Prof Tombs, speaking at the Chalke Valley History Festival in Wiltshire, said: “Terrible though it is to say, the Black Death actually had some rather good effects. This was a good time to be alive.
“This was when the English pub was invented and people started drinking lots of beer and playing football and so on. That was in a way due to, or at least a consequence of, and wouldn’t have been possible without, the Black Death.”
Explaining why the century afterwards could be seen as a good time to live, Prof Tombs said: “The population was getting too great, becoming a strain on resources in agricultural society.
“And after the Black Death, things started to look up. People got better off. There was more land to go around. Resources were not so stretched. What was later called the feudal system largely disappeared.
“Serfs became free because they could simply say to their lords, ‘Ok, if you won’t give me my freedom I’ll go somewhere else’.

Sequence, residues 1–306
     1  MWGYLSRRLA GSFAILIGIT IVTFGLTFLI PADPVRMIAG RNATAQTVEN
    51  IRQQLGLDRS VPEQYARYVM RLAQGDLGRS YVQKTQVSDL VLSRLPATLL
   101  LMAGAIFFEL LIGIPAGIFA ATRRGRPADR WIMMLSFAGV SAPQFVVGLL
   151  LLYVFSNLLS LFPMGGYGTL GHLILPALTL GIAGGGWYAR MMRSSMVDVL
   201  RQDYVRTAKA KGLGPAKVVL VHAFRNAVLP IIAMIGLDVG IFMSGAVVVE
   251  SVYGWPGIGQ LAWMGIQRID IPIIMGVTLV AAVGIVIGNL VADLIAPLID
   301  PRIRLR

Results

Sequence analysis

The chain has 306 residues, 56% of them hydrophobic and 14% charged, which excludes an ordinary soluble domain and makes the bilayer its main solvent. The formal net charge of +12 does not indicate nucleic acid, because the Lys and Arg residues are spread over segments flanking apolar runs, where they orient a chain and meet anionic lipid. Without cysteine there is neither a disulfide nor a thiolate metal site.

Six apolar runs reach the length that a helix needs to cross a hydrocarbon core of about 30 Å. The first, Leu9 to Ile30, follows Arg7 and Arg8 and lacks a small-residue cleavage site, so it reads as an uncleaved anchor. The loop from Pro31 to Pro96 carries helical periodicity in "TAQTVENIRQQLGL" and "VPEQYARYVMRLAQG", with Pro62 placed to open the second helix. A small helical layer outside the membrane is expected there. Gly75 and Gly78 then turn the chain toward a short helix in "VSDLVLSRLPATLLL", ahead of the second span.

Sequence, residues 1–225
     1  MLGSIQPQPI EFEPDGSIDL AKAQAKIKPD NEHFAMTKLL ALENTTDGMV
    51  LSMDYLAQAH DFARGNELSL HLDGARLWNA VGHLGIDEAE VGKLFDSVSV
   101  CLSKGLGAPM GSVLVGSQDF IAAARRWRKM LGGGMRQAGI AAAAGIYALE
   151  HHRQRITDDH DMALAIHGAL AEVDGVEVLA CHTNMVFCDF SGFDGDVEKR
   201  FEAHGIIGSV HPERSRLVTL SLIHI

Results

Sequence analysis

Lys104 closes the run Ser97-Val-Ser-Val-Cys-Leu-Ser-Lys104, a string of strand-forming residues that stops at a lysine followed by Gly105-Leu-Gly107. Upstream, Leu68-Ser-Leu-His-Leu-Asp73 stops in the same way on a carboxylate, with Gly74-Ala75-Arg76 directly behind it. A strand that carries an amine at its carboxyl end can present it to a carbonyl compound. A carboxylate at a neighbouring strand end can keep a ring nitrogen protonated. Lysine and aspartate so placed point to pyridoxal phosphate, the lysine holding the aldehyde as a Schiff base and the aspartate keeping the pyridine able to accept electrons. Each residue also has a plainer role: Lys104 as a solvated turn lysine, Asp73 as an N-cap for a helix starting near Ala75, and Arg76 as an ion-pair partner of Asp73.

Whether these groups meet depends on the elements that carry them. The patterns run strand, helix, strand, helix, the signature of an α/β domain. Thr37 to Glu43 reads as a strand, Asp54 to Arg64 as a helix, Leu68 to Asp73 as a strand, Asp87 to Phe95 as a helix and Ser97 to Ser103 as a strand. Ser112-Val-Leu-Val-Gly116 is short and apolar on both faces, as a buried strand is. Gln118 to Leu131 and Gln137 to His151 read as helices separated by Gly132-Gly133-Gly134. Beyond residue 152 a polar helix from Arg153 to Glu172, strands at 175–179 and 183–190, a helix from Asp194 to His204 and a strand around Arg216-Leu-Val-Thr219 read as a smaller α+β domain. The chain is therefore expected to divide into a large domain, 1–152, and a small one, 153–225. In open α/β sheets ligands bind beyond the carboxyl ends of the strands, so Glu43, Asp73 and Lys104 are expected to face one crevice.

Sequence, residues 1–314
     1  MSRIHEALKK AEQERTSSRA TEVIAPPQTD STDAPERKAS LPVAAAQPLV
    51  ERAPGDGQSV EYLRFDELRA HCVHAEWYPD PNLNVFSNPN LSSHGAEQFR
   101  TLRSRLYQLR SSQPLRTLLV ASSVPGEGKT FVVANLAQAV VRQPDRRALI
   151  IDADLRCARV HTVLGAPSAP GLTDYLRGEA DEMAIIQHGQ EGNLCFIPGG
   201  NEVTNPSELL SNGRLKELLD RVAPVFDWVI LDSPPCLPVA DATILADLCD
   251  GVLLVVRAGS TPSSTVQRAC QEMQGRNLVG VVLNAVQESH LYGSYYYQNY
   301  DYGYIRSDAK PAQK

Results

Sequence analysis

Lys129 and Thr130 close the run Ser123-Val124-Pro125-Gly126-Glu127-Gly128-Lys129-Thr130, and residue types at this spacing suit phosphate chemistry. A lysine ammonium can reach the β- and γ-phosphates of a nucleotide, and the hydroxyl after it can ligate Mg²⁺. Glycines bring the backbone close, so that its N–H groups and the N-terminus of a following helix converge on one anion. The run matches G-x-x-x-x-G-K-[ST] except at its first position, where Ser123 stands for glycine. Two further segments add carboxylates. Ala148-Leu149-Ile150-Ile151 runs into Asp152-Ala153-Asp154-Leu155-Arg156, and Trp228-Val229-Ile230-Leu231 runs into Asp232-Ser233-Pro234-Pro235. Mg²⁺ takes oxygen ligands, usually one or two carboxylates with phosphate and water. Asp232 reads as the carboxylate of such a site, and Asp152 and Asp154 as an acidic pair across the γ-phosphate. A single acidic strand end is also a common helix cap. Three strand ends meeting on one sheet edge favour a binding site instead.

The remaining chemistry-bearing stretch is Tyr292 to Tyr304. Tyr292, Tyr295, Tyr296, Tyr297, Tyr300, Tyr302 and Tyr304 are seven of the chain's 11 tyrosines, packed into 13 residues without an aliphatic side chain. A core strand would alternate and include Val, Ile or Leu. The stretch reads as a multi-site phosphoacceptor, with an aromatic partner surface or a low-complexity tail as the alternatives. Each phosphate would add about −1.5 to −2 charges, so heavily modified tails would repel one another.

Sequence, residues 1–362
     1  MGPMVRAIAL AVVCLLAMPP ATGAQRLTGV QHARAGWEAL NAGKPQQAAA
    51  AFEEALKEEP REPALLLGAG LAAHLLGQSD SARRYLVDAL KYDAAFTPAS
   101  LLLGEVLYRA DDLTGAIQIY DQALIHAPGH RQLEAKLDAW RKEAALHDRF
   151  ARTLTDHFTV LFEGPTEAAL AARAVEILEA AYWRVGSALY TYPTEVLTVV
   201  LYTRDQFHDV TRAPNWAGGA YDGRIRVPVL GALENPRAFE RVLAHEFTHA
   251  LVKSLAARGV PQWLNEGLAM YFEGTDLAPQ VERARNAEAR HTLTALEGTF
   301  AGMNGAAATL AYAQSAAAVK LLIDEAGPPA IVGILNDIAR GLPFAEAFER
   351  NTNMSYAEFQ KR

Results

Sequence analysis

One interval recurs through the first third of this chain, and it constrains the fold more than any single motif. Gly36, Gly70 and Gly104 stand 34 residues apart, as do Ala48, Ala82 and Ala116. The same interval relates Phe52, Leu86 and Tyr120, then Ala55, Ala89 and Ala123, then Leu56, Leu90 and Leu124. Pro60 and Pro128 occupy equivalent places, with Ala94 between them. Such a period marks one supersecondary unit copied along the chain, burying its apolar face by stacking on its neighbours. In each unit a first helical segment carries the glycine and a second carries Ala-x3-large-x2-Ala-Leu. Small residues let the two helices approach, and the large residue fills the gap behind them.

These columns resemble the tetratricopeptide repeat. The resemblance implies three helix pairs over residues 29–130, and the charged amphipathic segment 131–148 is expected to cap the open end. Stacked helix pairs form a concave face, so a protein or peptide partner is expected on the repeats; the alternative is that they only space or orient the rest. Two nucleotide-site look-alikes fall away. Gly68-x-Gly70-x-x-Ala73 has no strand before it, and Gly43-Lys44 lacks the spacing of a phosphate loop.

“And they did. So if lords wanted their fields to be tilled, they had to give their peasants or vassals what they wanted, which was essentially freedom and a better life.
“The standard of living people reached in the 15th century was not exceeded until the 1880s after the Industrial Revolution. And the amount of leisure they took was not equalled until the 1960s.”
I don’t say that I actually agree with his numbers. But the invention of the pub is indeed worth the slaughter of half the population through pestilence, of course it is.
I’ve long disagreed with this standard view that working hours increased at the time of the industrial revolution though. Entirely agreed that the plague made the survivors richer. But when I look in detail at the working hours claimed it’s the hours spent working for the Lord which are measured. Essentially, what people were doing in the monetary economy. And that just ain’t the total workload. There’s their own work upon their own lands, then there’s all the household work as well. For example, the standard story (Juliet Schorr) says that the peasants got 70 days holiday a year. Sure, there were 70 holy days, but animal owning peasants don’t get 70 days holiday, not from the care of their animals.
So, willing to believe that 1360s etc saw a substantial rise in living standards, some of which would be taken as increased leisure time, but not that leisure equalled that of the 1960s. Not once household production hours were added in.